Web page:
A) compiling, for at least a given device input pin of the given type of board device, a pin disabling list of device input pins that are disabled when an open circuit occurs at the given device input pin;
B) applying to a plurality of the board nodes associated with device input pins respective components, associated with those device input pins, of a test vector sequence of signal vectors;
C) sensing at predetermined nodes a response to the test vector sequence;
D) for a given device input pin, applying to the plurality of the board nodes associated with device input pins respective components of a modified vector sequence that is the same as the test vector sequence except that the values of at least some of the modified vector sequence's components applied to the node associated with the given device input pin differ from the corresponding components in the test vector sequence;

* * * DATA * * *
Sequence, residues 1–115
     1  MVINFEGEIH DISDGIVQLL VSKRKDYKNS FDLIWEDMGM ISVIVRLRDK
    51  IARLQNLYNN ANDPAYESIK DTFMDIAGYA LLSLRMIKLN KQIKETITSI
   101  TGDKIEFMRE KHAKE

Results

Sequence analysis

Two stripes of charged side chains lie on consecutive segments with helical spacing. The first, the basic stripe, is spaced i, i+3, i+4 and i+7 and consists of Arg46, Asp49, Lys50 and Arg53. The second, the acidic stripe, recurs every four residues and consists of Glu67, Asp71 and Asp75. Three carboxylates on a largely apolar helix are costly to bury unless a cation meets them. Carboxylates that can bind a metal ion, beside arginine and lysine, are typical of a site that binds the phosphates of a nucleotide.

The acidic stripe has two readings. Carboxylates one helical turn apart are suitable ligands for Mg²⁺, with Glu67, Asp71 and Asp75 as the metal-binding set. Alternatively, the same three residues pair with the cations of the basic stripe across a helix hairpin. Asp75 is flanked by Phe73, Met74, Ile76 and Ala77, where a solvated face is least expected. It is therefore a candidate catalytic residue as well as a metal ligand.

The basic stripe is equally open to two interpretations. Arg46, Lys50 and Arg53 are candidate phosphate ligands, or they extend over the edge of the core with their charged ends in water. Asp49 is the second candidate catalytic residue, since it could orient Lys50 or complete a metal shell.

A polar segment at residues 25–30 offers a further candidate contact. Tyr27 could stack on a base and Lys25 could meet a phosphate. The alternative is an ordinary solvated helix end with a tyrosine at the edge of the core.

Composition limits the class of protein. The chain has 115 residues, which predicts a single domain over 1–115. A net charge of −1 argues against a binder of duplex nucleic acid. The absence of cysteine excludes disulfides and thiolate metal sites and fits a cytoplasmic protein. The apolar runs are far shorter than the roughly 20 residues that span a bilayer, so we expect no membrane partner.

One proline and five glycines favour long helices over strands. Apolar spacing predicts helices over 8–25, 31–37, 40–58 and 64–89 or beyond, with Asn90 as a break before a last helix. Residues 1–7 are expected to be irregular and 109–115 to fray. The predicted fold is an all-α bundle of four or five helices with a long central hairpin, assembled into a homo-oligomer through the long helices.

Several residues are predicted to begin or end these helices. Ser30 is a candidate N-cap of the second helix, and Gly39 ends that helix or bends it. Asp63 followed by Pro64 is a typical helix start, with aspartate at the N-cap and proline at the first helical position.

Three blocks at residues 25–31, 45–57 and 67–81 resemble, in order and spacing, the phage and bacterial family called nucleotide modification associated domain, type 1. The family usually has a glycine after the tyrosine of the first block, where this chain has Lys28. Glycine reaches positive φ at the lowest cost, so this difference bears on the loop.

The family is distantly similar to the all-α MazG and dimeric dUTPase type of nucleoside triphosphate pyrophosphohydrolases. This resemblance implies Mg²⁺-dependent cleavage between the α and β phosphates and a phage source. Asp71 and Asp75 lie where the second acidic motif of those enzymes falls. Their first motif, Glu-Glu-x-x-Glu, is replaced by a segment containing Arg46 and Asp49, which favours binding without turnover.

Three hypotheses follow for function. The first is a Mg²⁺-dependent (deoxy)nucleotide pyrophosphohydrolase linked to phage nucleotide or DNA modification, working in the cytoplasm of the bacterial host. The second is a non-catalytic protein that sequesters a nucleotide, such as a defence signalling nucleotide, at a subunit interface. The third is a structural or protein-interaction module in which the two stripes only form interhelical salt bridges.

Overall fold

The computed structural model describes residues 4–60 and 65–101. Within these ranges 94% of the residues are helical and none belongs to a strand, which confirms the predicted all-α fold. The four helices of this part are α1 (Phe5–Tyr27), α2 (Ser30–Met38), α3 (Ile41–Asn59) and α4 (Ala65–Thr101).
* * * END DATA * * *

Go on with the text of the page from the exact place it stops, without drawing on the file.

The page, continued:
E) sensing at predetermined nodes the response to the modified vector sequence;
F) compiling a possibly-open list of possibly open input pins that includes the given device input pin if the response to the modified vector sequence does not differ from the response to the test vector sequence;
G) generating an opens-test report containing an open-pin list that consists of pins in the possibly-open list that are not in a pin disabling list compiled for a pin in the possibly-open list.
6. A method as defined in claim 5 wherein the values of the modified vector sequence's components applied to the board node associated with the given device input pin are those that would result at the given device input pin if the given device input pin were disconnected from its associated board node.
7. A method as defined in claim 5 wherein: